Congressman Hank Johnson’s health-care reform town hall meeting drew a diverse crowd–men, women, young, elderly, conservatively dressed, unconventionally styled, and representing a wide variety of ethnic backgrounds.
It was far too large a crowd for the 500-seat Cole Auditorium at Georgia Perimeter College’s Clarkston campus. Even the overflow room, a gymnasium that holds about 1,500 people, filled quickly, leaving hundreds of people milling around the campus holding heated discussions, passing out fliers, soliciting names for petitions or continuing to seek a way into the meeting.
Nationally, such meetings have drawn people with strong feeling about health-care reform and some have erupted into shouting matches and fights. The meeting Aug. 10 on the Clarkston campus was relatively civil. Although there were raised voices, booing and applause during the presentations, no one was escorted out by security—a warning that was repeated throughout the meeting.
A panel that included a number of health-care professionals made presentations before Johnson, who represents Georgia’s 4th congressional district, took questions from the audience.
Grady Hospital President and CEO Michael Young, who previously worked in health care in New York, explained why his experiences have led him to believe that America’s health-care ills require a national solution. “In New York, we had one of the most generous systems in the country. People moved to New York and were immediately covered by our health-care plan,” he recalled. “Soon people were moving to New York for health care in huge numbers.” It did not take long, he said, to overwhelm the system.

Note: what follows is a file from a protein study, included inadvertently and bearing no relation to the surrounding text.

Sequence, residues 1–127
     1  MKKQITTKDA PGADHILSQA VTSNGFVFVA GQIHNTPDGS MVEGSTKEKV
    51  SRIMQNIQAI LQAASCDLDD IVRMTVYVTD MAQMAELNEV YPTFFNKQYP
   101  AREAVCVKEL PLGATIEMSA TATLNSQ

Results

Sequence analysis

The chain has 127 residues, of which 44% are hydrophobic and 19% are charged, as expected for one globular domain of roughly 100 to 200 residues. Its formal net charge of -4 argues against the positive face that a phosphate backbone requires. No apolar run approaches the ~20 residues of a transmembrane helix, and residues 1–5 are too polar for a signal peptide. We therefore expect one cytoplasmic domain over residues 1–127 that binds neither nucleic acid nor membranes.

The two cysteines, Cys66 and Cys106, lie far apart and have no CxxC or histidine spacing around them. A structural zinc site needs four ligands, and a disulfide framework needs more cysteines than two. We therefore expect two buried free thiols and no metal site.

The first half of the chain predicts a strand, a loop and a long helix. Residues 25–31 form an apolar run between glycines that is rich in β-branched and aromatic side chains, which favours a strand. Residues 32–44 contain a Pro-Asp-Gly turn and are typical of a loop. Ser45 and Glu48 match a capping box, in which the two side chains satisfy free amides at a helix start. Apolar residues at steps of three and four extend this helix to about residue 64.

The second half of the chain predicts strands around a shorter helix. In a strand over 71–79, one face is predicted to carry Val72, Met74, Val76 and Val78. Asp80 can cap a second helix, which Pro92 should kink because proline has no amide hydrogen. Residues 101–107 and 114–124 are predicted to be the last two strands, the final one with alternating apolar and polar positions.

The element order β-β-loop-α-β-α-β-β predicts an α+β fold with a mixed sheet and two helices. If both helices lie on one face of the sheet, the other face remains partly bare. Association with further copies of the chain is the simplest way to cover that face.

Young said his experience at Grady—where in the past year he has seen a 15-percent increase in inpatients who cannot pay and a 30-percent increase in outpatients who cannot pay—has confirmed the need for a comprehensive health plan.
Audience members were encouraged to write questions on forms provided by the congressman’s office with a promise that the office would get back to them with answers. A relative few were allowed to ask questions from the floor.
An audience member expressed concern that no final version of the bill under discussion exists yet. “Can y’all come up with a final version of the bill and then you come back here to hold another town hall meeting?” he asked. Johnson said he would like to do that, but “things happen quickly in Washington.” He added, “If it’s possible to come back, I will.”
One speaker asked about a health care advisory board provided in the plan. “If the board denies me coverage, what is the appeals process?” he asked. One of Johnson’s aides answered that the purpose of an advisory board is to set minimum health-care coverage standards–not maximum ones.
Another speaker said that those who fear that government will limit access to health care should know that insurance companies are doing that now. He explained that his wife gave birth to their child by Caesarian section. “The doctor said she needed to stay in the hospital another day, but the insurance refused to pay for another day. We couldn’t afford to pay so she had to go home. You’re looking at a victim of health-care rationing,” the man said, holding his infant high above his head.
To an audience member who shouted, “Where in the Constitution is the federal government authorized to create a national health program?” Johnson, a lawyer, calmly quoted the Preamble to the Constitution that states among the purposes of forming the U.S. government “to promote the general welfare.”
“That’s what we’re doing here,” Johnson said. “We’re promoting the general welfare. Legally we’re on solid ground.”
As panel members made their closing remarks, panelist Sandra Ford, director of the DeKalb County Board of Health, commented, “Insurance companies alone did not create this problem. Doctors alone did not create it. Hospitals alone did not create it. We were all involved in creating the problem; it’s going to take all of us working together to solve it.”